John Varga, MD
Frederick G. L. Huetwell Research Professor of Rheumatology
Professor, Department of Internal Medicine
Professor, Department of Dermatology
Associate Director, Scleroderma Program
Dr. John Varga is an academic rheumatologist with a long-standing interest in patient-relevant research of systemic sclerosis (SSc) and fibrosis. Dr. Varga is the division chief of Rheumatology and principal investigator of the ScleroLab. He is interested in animal models; genetic, immunologic, and bioinformatics strategies to delineate key pathways and clinical associations; and the role of inflammatory mechanisms in fibrosis. The work from the ScleroLab provides the framework for pilot clinical trials in SSc and fibrosis.
Dr. Swati Bhattacharyya received her PhD from the Indian Institute of Chemical Biology in India, and did her postdoc training at the University of Illinois at Chicago and Northwestern University. Dr. Bhattacharyya is a research scientist and the director of the ScleroLab. She has a long-standing expertise in molecular and cellular mechanisms of fibrosis, with emphasis on cytokines and intracellular signaling pathways in scleroderma patients and animal models of scleroderma. Dr. Bhattacharyya's research primarily focuses on the role of innate immune signaling in fibrosis progression in scleroderma.
Dr. Mohammad Amin is an associate research scientist with proficiency in different animal models of arthritis, tumorigenesis, angiogenesis, and the contribution of angiogenesis, monocytes, and fibroblasts in rheumatoid arthritis, gouty arthritis, scleroderma (SSc), and cancer. Dr. Amin graduated as a medical doctor from Allama Iqbal Medical College Lahore in Pakistan. Currently his research focuses on the role of CD38-NAD+ metabolism in scleroderma and aging.
Dr. Swarna Bale is a postdoctoral research fellow interested in understanding the role of TAK1 in animal models of scleroderma, and developing novel therapeutic approaches targeting TAK1 using small molecule TAK1 inhibitor to mitigate disease condition of scleroderma. Dr. Bale received her PhD from the National Institute of Pharmaceutical Education and Research, Hyderabad in India in the discipline of Pharmacology and Toxicology with research focused on organ fibrosis.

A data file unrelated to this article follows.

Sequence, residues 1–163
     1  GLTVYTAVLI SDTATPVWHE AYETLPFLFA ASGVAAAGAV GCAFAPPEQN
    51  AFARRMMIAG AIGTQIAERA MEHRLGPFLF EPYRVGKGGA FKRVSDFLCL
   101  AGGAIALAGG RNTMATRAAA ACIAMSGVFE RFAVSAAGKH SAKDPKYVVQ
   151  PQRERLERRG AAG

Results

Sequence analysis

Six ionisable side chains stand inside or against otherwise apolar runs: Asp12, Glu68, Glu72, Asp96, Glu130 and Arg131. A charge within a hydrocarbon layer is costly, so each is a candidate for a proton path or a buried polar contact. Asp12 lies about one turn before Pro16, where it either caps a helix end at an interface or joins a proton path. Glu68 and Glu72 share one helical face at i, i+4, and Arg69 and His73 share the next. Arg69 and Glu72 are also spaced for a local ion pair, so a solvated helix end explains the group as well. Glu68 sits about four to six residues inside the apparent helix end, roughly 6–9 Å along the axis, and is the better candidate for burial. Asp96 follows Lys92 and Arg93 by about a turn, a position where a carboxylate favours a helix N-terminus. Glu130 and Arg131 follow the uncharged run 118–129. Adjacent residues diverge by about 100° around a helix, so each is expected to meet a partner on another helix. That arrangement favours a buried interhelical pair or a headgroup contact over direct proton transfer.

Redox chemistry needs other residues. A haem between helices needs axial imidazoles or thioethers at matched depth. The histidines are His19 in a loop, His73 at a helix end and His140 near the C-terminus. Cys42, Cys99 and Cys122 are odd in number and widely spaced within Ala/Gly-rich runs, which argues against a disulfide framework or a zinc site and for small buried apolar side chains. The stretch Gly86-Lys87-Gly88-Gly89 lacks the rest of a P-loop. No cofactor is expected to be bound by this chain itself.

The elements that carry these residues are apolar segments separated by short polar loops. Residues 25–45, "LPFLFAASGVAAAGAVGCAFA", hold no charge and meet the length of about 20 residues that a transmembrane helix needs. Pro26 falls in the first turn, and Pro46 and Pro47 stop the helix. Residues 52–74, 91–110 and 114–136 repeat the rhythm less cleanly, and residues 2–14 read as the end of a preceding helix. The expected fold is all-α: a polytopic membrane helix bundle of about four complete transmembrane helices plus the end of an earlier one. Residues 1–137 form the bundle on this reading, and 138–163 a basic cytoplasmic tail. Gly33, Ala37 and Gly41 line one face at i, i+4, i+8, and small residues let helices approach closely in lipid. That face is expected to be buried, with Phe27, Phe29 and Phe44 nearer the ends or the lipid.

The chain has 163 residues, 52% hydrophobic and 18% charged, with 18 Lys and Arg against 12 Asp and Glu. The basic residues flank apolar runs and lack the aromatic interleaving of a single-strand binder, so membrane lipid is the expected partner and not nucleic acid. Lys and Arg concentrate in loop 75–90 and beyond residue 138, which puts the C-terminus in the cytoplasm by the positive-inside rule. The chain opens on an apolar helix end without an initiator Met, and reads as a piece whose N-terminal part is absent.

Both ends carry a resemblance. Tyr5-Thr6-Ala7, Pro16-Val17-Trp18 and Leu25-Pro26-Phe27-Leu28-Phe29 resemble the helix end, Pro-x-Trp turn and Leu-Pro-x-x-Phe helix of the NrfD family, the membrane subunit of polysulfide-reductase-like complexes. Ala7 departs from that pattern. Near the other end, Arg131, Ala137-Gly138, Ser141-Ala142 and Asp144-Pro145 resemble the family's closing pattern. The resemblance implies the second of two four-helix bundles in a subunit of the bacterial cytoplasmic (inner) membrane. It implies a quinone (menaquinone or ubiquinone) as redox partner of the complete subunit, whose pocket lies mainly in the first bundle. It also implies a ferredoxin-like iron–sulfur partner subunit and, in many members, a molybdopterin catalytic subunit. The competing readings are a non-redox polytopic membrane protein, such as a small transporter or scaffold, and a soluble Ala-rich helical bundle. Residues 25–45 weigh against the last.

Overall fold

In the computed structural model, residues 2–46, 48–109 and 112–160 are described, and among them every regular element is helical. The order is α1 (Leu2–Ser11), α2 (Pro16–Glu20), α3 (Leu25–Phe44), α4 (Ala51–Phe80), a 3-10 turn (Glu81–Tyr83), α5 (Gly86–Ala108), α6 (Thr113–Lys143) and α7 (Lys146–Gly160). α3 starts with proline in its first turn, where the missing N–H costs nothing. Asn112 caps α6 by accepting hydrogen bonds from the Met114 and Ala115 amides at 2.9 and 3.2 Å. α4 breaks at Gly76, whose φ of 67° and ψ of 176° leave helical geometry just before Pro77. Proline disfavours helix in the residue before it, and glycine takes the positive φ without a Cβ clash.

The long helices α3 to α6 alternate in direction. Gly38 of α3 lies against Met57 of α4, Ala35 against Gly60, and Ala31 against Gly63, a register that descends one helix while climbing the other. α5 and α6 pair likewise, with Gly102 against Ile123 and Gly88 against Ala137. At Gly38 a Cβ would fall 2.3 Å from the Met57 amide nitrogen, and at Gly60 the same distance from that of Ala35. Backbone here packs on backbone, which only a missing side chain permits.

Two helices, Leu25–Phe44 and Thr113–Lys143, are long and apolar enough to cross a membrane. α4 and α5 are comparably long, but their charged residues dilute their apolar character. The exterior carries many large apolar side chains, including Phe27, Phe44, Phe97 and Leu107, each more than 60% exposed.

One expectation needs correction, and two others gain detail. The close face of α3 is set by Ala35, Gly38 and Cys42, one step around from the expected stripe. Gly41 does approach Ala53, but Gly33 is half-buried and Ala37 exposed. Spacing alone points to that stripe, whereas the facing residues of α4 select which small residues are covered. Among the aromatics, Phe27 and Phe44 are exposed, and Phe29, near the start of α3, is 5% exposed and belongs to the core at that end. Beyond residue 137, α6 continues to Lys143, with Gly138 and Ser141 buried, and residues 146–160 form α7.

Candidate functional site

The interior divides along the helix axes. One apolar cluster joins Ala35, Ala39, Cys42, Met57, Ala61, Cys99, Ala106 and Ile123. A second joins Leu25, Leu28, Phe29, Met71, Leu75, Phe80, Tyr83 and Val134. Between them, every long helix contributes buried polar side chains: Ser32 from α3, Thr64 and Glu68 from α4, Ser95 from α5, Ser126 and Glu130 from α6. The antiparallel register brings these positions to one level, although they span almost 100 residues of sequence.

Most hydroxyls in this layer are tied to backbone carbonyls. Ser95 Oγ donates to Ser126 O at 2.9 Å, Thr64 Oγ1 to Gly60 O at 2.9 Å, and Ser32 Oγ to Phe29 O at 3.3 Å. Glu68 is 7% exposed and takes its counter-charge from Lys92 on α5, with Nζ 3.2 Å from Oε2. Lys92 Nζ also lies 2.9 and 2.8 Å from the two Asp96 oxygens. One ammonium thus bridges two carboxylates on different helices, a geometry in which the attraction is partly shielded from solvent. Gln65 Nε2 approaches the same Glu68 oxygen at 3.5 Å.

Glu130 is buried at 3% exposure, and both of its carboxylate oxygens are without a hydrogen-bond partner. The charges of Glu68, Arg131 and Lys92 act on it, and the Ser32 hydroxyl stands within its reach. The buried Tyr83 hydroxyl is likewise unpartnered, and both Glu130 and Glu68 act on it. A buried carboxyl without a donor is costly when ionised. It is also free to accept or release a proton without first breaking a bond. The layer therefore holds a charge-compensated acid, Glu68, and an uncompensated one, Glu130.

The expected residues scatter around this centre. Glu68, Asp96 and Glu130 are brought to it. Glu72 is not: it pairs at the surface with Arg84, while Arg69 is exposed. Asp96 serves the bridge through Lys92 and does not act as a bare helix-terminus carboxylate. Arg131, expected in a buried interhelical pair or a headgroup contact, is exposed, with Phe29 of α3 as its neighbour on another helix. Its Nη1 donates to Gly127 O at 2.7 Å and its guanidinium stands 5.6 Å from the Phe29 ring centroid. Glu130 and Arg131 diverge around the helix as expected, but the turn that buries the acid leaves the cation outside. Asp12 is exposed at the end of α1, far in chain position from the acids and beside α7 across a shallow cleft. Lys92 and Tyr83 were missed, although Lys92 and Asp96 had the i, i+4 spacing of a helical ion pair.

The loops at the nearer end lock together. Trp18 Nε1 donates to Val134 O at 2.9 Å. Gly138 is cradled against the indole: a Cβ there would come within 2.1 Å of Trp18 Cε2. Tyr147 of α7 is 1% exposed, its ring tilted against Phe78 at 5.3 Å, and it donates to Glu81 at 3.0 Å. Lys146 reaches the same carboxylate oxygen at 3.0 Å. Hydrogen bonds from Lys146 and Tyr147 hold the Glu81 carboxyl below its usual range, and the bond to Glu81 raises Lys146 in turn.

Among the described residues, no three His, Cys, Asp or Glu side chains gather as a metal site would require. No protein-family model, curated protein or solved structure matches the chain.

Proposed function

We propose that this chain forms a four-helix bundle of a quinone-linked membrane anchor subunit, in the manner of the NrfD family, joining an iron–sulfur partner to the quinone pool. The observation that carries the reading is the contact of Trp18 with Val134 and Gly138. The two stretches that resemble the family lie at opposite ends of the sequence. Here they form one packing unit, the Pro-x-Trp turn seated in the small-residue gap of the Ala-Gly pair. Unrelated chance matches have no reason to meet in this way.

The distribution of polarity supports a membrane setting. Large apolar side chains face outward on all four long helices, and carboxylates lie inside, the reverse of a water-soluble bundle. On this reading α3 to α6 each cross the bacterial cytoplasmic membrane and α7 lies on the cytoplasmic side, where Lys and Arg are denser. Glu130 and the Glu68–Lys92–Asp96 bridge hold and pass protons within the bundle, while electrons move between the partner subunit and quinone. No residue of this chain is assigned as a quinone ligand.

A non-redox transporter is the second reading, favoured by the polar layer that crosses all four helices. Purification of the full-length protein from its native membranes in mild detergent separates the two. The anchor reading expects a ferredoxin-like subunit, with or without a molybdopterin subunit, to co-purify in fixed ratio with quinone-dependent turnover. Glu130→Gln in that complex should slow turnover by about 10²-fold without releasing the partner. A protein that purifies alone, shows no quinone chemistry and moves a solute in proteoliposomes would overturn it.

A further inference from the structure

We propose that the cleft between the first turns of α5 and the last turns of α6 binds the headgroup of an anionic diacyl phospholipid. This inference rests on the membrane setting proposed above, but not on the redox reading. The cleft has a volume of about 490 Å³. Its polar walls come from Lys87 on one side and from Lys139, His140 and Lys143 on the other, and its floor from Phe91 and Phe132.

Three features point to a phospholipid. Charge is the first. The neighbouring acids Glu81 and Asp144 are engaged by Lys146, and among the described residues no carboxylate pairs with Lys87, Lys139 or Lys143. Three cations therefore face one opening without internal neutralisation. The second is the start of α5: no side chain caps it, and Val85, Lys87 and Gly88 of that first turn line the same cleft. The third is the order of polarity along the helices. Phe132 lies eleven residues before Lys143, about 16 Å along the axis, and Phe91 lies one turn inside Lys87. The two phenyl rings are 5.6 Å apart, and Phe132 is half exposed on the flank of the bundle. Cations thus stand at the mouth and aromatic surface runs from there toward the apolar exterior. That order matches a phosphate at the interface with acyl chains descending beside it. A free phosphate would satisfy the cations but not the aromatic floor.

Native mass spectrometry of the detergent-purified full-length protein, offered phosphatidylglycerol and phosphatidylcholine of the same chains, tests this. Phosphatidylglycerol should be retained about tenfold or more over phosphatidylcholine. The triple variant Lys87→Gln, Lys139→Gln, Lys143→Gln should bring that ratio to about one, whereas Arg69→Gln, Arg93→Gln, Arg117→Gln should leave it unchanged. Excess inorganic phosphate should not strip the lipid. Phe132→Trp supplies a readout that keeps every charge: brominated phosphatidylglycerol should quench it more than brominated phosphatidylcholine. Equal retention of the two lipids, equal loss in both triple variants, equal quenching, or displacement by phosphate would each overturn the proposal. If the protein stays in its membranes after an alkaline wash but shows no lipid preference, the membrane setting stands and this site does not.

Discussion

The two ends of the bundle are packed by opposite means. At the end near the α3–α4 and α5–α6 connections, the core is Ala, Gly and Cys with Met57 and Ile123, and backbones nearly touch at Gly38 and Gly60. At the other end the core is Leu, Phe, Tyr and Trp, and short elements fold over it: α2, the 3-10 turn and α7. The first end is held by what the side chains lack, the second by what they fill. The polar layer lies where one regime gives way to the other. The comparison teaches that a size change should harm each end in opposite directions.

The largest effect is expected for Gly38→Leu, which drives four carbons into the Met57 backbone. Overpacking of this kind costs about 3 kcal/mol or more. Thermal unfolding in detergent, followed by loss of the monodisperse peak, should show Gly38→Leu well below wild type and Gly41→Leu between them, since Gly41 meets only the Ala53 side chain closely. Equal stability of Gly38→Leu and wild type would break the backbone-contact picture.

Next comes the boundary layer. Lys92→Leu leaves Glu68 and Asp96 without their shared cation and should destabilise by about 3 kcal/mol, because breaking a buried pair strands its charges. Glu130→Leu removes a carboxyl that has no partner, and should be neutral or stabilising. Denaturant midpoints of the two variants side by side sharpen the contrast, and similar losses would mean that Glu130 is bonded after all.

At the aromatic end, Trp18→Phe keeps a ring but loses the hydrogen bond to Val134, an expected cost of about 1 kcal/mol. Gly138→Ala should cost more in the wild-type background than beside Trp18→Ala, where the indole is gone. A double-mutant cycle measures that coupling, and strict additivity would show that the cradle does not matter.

Syed Hasan is a research associate specialist who received his Master's in Biomedical Sciences from the University of Toledo. Syed's committee-approved thesis project is focused on animal modeling and behavioral studies. He has proficiency in working with animals in his graduate work and has previous experience and publications in the fields of immunology, endocrinology, and cancer biology. Syed is currently interested in studying fibrotic intracellular pathways in animal models in our lab.
Manal Rizwan is an undergraduate research assistant, and is a senior majoring in Biopsychology, Cognition, Neuroscience (BCN) and minoring in History of Medicine and Health. In the ScleroLab, Manal is working with Dr. Amin and focuses on the role of CD38-NAD+ metabolism in scleroderma and aging.
Dr. Priyanka Verma is a postdoctoral research fellow in the ScleroLab and is involved in immunological and metabolic alterations in scleroderma diseases to discover novel targets and therapies. Dr. Verma received her Ph.D. from the Banaras Hindu University in India in Biotechnology with her research focused on immunogenetic alterations in early miscarriage.
Dr. Johann Gudjonsson is the Arthur C. Curtis Professor of Skin Molecular Immunology, Associate Professor of Dermatology, and Frances and Kenneth Eisenberg Emerging Scholar with the Taubman Institute. Dr. Gudjonsson's research focus is on mechanisms of skin inflammation, including psoriasis, connective tissue diseases, and sex bias in autoimmunity.
Dr. Eliza Tsou, Edward T. and Ellen K. Dryer Early Career Professor of Rheumatology and Research, is a Research Assistant Professor in the Division of Rheumatology where she conducts translational research in the field of systemic sclerosis. Dr. Tsou is interested in exploring the epigenetic mechanisms in the pathogenesis of systemic sclerosis, with a specific focus in the vascular space. Her goal is to identify epigenetic markers that define disease pathogenesis and progression, patient heterogeneity, and response to therapy.